25px France French Grand Prix
Circuit de Nevers Magny-Cours
200px-Circuit de Nevers Magny-Cours.svg.png
Laps 70
Circuit length 4.411 km (2.741 miles)
Race length 308.586 km (191.755 miles)
Most wins by single driver 25px Germany Michael Schumacher (8)
Most wins by single constructor 25px Italy Ferrari (17)
Last race (2008):
Winner 25px Brazil Felipe Massa
Winning constructor Ferrari
Winning time 1h 31m 50.245s
(201.608 km/h)
Pole time 1:16.449
Pole driver 25px Finland Kimi Räikkönen
Pole constructor Ferrari
Fastest lap 1:16.630
Fastest lap driver 25px Finland Kimi Räikkönen
Fastest lap constructor Ferrari

The French Grand Prix (1906-1967: Grand Prix de l'ACF, 1968-2008: Grand Prix de France) was a race held as part of Fédération Internationale de l'Automobile's annual Formula One automobile racing championships.


The world's oldest Grand Prix

Public road courses

Georges Boillot winning the 1912 French Grand Prix in Dieppe, France

Grand Prix motor racing originated in France and the French Grand Prix, open to international competition, is the oldest Grand Prix race, first run on 26 June 1906 under the auspices of the Automobile Club de France in Sarthe, with a starting field of 32 automobiles. The Grand Prix name ("Great Prize") referred to the prize of 45,000 French francs to the race winner.[1] The franc was pegged to the gold at 0.290 grams per franc, which meant that the prize was worth 13 kg of gold. The earliest French Grands Prix were held on circuits consisting of public roads near towns through France, and they usually were held at different towns each year, such as Le Mans, Dieppe, Lyon, Strasbourg, and Tours. Dieppe in particular was an extremely dangerous circuit- 8 people (4 drivers, 2 riding mechanics, and 2 spectators) in total were killed at the 3 French Grands Prix held at the 79 km (49-mile) circuit.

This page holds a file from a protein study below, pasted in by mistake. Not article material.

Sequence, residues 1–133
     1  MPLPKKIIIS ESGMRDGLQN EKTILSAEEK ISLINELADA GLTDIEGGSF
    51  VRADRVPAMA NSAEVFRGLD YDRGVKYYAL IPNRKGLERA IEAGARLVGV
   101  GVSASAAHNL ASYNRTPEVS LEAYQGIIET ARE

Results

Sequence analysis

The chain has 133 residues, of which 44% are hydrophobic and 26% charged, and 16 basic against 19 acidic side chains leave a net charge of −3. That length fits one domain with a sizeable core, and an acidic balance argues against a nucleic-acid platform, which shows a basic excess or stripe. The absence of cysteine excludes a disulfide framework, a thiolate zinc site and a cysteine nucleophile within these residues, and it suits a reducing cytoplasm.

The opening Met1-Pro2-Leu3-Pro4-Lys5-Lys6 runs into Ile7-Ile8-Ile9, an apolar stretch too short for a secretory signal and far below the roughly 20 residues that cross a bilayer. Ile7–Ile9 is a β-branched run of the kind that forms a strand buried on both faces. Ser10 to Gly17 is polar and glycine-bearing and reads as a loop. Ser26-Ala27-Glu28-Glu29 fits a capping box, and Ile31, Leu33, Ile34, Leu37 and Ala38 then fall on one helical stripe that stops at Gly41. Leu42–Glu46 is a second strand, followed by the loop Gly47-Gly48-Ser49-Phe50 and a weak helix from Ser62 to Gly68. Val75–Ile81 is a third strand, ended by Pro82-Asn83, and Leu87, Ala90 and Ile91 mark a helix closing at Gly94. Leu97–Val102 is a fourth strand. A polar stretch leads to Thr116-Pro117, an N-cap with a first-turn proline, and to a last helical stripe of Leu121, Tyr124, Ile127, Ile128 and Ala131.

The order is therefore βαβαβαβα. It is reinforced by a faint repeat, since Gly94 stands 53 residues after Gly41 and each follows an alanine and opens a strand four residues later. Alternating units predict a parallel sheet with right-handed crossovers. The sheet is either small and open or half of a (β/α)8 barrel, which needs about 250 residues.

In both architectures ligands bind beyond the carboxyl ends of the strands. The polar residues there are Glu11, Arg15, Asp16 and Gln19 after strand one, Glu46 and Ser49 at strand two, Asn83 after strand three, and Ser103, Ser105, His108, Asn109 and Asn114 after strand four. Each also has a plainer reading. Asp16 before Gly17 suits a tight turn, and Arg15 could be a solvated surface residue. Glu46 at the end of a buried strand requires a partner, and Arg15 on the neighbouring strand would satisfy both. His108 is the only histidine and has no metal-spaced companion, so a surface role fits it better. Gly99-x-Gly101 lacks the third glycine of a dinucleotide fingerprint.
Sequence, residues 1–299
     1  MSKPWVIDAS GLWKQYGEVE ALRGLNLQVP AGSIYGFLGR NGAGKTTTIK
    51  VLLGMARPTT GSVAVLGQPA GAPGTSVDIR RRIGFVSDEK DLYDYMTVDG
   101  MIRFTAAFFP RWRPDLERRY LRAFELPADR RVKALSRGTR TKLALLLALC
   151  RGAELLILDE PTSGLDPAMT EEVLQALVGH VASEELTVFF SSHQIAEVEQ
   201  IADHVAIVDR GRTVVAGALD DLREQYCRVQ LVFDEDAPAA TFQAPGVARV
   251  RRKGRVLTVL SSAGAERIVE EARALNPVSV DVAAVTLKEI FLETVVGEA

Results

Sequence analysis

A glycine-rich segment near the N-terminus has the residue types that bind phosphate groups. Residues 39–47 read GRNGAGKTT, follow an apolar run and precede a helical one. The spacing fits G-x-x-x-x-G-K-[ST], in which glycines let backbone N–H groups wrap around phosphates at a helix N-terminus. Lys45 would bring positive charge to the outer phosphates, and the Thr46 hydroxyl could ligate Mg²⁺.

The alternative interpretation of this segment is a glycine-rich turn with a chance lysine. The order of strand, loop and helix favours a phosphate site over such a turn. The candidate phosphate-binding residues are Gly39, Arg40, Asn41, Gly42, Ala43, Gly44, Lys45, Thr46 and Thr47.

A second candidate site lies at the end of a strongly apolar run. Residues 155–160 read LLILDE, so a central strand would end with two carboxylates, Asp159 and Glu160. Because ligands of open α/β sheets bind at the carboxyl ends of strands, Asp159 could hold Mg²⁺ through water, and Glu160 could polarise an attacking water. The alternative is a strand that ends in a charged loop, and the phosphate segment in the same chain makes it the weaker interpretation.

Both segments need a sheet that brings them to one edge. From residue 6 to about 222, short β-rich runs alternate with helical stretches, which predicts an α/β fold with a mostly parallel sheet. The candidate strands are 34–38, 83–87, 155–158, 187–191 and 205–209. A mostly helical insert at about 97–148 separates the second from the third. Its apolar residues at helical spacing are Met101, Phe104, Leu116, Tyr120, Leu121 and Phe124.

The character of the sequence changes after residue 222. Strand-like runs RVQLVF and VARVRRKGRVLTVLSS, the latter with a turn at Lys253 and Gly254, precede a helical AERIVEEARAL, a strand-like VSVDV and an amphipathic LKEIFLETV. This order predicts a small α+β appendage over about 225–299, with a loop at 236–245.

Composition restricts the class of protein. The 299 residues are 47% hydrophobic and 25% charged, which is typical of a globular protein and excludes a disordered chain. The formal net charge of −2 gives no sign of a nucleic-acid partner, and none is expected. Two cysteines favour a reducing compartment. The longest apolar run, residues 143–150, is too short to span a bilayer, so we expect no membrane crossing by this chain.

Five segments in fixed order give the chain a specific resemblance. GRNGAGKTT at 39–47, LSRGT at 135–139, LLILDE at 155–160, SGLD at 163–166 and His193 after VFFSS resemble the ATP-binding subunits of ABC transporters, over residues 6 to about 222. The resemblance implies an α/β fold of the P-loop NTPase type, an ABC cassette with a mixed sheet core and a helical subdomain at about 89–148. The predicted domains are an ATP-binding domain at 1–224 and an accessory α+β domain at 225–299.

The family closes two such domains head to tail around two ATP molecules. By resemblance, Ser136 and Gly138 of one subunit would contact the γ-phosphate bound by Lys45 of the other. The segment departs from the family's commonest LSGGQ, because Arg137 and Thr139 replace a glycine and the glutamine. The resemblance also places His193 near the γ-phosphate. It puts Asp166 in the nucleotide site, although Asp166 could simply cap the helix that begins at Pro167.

France's first permanent circuit